Let’s say you’re driving and expecting an important text message. Then, you hear that familiar sound—your cell phone’s alerting you to a new text. Now, we all know about the dangers of distracted driving, but you’re sitting at a red light, and a quick scan of your surroundings indicates there aren’t any police around. What could be the harm in checking?
For starters, in most states it’s explicitly against the law to text and drive, with consequences ranging from a hefty fine to jail time if you hurt someone as a result of the distraction. But beyond that, a new technology has just been released, giving security cameras the ability to recognize when a person is texting and driving.
Movidius, a company specializing in developing intelligence for visual technologies, recently paired up with the Chinese company, Hikvision—the largest manufacturer of security cameras in the world. Together, the companies invented a camera with visual recognition software unlike any other. The prototypes for the new security cameras were revealed in the fall of 2016 at the China International Exhibition for Public Safety.
In a video press release, Remi El-Ouazzane, Chief Executive Officer at Movidius, describes the new cameras as having “deep neural networks [that] allow computers to see the world much more like humans do.”
The Movidius and Hikvision security cameras’ recognition software will allow them to identify cars and people with an accuracy rate much higher than the traffic cameras currently in use.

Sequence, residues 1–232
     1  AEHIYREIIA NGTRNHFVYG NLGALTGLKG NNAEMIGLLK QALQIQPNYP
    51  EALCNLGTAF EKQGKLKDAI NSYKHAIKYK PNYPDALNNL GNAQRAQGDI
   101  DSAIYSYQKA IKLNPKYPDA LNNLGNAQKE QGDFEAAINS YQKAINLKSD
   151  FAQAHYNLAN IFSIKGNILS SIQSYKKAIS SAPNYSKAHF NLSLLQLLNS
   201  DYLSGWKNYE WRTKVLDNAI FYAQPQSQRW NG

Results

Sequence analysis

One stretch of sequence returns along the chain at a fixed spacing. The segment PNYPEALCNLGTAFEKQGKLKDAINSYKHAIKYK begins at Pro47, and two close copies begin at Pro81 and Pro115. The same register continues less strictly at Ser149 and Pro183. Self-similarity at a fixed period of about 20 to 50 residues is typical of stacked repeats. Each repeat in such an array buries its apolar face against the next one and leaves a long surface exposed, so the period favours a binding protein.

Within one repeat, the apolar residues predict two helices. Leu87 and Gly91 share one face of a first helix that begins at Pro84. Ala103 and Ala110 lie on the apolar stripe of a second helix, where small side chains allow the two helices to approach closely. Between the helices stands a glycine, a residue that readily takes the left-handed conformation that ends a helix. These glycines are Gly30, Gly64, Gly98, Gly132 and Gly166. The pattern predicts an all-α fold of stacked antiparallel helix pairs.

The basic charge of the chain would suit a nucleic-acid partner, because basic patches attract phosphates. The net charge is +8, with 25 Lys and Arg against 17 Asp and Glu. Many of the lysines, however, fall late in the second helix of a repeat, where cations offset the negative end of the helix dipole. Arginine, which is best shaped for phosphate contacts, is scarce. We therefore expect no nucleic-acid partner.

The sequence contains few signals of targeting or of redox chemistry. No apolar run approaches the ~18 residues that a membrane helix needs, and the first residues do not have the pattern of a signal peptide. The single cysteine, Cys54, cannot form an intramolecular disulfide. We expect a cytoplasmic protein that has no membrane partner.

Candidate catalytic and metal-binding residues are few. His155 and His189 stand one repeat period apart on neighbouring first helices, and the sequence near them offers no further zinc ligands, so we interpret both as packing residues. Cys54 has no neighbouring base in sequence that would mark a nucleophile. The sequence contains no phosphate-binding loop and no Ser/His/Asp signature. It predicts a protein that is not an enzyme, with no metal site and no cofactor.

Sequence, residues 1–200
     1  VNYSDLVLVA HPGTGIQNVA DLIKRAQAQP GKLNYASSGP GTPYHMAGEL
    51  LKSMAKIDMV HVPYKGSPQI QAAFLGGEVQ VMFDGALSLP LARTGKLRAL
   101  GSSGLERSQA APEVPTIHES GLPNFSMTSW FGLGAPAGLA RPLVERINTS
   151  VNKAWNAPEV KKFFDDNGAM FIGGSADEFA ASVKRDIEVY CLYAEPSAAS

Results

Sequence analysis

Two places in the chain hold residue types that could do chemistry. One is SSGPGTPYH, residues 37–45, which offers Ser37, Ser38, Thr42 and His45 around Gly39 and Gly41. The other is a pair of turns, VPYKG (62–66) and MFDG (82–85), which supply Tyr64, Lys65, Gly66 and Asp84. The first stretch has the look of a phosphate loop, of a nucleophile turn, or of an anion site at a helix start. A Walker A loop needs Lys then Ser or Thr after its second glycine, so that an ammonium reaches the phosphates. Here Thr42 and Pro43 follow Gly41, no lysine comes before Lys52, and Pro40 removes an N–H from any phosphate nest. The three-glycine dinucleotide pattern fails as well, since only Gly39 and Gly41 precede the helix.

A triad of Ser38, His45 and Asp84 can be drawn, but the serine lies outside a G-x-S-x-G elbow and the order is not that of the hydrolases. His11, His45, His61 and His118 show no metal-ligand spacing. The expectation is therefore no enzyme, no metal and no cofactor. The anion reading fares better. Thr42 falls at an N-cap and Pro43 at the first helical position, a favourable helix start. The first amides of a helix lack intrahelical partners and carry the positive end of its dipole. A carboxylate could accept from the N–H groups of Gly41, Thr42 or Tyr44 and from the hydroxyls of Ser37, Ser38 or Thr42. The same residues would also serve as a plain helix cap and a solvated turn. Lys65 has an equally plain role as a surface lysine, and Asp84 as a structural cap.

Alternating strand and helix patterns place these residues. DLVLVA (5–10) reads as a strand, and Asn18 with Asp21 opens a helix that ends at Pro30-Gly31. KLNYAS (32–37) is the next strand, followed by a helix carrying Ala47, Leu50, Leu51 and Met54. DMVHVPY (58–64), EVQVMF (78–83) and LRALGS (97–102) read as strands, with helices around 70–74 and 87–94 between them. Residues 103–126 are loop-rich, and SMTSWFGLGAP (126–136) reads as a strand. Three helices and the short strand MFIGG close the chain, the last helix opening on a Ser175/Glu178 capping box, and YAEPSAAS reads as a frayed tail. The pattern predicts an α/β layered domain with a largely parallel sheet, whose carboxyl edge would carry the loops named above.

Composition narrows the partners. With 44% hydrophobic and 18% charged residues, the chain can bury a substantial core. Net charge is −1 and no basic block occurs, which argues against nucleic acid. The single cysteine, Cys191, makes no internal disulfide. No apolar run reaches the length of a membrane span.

The software enables the cameras to detect abnormalities in real time, identifying the slightest departures from what is considered normal (and legal). This means if a camera observes you looking down at a phone with your hands off of the steering wheel, it will immediately recognize that you’re texting and driving. With the additional aid of facial recognition software, you won’t be able to get away with sending that text so easily.
Now, you may be wondering how the new cameras will be able to discern between someone who’s responding to a text message and someone who’s simply looking down. In its infant years, Hikvision and Movidius’ security camera will likely transmit anomalous data back to a human operator, who can make the final call on whether or not the driver is doing something illegal. However, there is as yet no word on what the companies’ response would be in the event that the camera—or human operator—misinterprets someone’s actions behind the wheel.
Though this may seem like something straight out of a George Orwell novel, Hikvision and Movidius’ new security cameras may end up saving lives. With the knowledge that you are indeed being monitored in real time, you might be less inclined to text and drive. This means fewer car accidents and fatalities as a result of fewer distracted drivers on the road.
“Advances in artificial intelligence are revolutionizing the way we think about personal and public security,” El-Ouazzane said. “We’re delighted to partner with Hikvision to deploy smarter camera networks and contribute to creating safer communities.”
Additionally, the software will be useful in recognizing and retrieving stolen vehicles and missing persons. Our current technology is limited to scanning license plates, and relies heavily on secondary human observation. The security cameras developed by Hikvision and Movidius will be able identify missing vehicles and people by referencing their unique physical traits.
“Police can identify cars, even if the license plates have been removed,” El-Ouazzane stated in the video press release.
So, you’re still sitting at that red light, and notice the traffic camera staring at you from across the intersection. Now is that text really important enough to answer while you’re behind-the-wheel?
An easy solution—pull over if you absolutely need to respond. Otherwise, keep your hands on the wheel and eyes on the road. Meanwhile, Hikvision and Movidius will be keeping an eye on you.